Optically engineered surface preparation technology is a known alternative to solvent, abrasive, or chemical processes, and avoids some of the aforementioned problems. An example of one optical surface preparation technique is presented in Sowell, R. R., et al., "Surface Cleaning By Ultraviolet Radiation," J. Vac. Sci., Vol. 11, No 1, January/February 1974. The Sowell reference describes a process for removing hydrocarbon contaminants from metal and glass surfaces by irradiating such surfaces with generally steady-state Ultra-Violet (UV) radiation in the presence of a low pressure oxygen atmosphere or in open air. However, the process described by Sowell requires hours to complete due to the limited UV light intensity that can be obtained from a steady-state UV light source. Therefore, the Sowell process is generally not suitable for applications in which it is desirable to increase the bondability of surfaces, some of which may be very large, within a period of time which would make such processing practical.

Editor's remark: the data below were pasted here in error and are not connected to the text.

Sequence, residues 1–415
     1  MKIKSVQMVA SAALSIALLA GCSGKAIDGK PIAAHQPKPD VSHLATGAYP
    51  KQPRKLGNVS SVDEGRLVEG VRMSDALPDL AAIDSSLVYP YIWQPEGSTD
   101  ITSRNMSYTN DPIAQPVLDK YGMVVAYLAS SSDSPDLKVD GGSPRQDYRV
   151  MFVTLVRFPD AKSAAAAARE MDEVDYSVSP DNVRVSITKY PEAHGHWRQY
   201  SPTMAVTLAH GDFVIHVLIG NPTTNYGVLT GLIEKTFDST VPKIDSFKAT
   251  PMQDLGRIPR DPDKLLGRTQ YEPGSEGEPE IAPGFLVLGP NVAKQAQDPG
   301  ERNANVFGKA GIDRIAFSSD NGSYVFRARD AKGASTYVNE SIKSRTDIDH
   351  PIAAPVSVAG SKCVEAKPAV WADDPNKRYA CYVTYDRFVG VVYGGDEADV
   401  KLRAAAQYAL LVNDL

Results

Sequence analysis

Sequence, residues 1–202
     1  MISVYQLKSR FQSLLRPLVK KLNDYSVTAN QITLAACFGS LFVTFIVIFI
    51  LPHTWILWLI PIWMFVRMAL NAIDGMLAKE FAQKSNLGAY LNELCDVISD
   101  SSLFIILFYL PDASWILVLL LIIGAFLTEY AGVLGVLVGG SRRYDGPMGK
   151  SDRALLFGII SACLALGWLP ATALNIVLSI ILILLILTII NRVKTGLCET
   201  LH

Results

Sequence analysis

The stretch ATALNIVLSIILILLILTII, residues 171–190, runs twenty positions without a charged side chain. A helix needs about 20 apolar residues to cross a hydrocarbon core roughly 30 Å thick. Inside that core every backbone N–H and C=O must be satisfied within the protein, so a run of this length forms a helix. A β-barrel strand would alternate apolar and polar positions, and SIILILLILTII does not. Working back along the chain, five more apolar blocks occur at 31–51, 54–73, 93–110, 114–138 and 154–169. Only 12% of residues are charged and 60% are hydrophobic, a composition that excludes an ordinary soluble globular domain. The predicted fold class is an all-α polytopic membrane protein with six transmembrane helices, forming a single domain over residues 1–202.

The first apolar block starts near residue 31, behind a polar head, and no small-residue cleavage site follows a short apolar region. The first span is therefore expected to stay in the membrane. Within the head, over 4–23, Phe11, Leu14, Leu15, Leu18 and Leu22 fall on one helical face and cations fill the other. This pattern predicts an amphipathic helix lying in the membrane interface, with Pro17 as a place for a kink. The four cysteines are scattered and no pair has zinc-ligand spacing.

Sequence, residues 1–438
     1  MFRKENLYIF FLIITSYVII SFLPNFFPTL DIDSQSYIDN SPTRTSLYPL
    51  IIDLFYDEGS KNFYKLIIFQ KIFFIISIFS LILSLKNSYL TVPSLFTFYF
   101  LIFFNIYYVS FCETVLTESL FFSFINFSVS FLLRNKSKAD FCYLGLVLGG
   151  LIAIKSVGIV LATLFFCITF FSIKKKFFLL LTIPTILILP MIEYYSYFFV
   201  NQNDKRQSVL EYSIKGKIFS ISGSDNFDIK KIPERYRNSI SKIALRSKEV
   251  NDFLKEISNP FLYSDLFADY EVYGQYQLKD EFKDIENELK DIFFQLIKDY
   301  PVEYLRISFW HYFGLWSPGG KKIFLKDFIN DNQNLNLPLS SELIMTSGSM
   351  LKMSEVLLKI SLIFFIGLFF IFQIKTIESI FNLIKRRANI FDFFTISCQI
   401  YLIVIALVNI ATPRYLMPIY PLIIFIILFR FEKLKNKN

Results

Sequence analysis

U.S. Pat. No. 4,803,021, "Ultraviolet Laser Treating of Molded Surfaces," is directed to a method for preparing the surfaces of molded products to improve bonding and painting performance. Such method includes irradiating the coated surface of molded products with pulsed laser light that decomposes any mold-release agents present on the surface to yield diverse decomposition fragments within the irradiated zone. This process requires that the surface material be etched deeply enough to remove substantially all of the mold-release agent. A surface may only be subjected to this process a finite number of times in order to limit the amount of surface material removed by etching. Since molded plastic is generally released from a mold only once, the minimal amount of material removed by etching is tolerable and may be considered in the design of the such products. However, this process is not suitable for repeatedly treating surfaces as part of a scheduled maintenance program, as for example, where it is desired to prepare a surface for painting, if preservation of the surface is desired.